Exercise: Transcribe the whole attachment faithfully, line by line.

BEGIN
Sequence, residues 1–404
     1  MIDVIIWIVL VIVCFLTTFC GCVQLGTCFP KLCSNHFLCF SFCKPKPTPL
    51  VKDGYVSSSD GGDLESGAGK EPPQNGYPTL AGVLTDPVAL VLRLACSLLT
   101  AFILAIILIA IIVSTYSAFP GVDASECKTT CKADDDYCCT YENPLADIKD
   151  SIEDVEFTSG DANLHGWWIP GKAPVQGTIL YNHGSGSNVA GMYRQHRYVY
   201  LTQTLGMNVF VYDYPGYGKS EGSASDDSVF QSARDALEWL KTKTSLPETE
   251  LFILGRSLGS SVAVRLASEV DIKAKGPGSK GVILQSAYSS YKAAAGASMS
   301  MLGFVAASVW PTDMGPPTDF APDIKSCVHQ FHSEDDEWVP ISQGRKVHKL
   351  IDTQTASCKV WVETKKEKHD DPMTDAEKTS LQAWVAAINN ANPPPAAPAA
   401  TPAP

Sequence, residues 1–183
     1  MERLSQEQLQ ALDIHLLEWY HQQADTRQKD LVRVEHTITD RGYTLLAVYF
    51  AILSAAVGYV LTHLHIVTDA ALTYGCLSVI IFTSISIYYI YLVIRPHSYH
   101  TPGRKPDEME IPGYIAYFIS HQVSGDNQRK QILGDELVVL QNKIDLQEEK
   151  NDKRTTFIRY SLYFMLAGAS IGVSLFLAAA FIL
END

Sequence, residues 1–404
     1  MIDVIIWIVL VIVCFLTTFC GCVQLGTCFP KLCSNHFLCF SFCKPKPTPL
    51  VKDGYVSSSD GGDLESGAGK EPPQNGYPTL AGVLTDPVAL VLRLACSLLT
   101  AFILAIILIA IIVSTYSAFP GVDASECKTT CKADDDYCCT YENPLADIKD
   151  SIEDVEFTSG DANLHGWWIP GKAPVQGTIL YNHGSGSNVA GMYRQHRYVY
   201  LTQTLGMNVF VYDYPGYGKS EGSASDDSVF QSARDALEWL KTKTSLPETE
   251  LFILGRSLGS SVAVRLASEV DIKAKGPGSK GVILQSAYSS YKAAAGASMS
   301  MLGFVAASVW PTDMGPPTDF APDIKSCVHQ FHSEDDEWVP ISQGRKVHKL
   351  IDTQTASCKV WVETKKEKHD DPMTDAEKTS LQAWVAAINN ANPPPAAPAA
   401  TPAP

Sequence, residues 1–183
     1  MERLSQEQLQ ALDIHLLEWY HQQADTRQKD LVRVEHTITD RGYTLLAVYF
    51  AILSAAVGYV LTHLHIVTDA ALTYGCLSVI IFTSISIYYI YLVIRPHSYH
   101  TPGRKPDEME IPGYIAYFIS HQVSGDNQRK QILGDELVVL QNKIDLQEEK
   151  NDKRTTFIRY SLYFMLAGAS IGVSLFLAAA FIL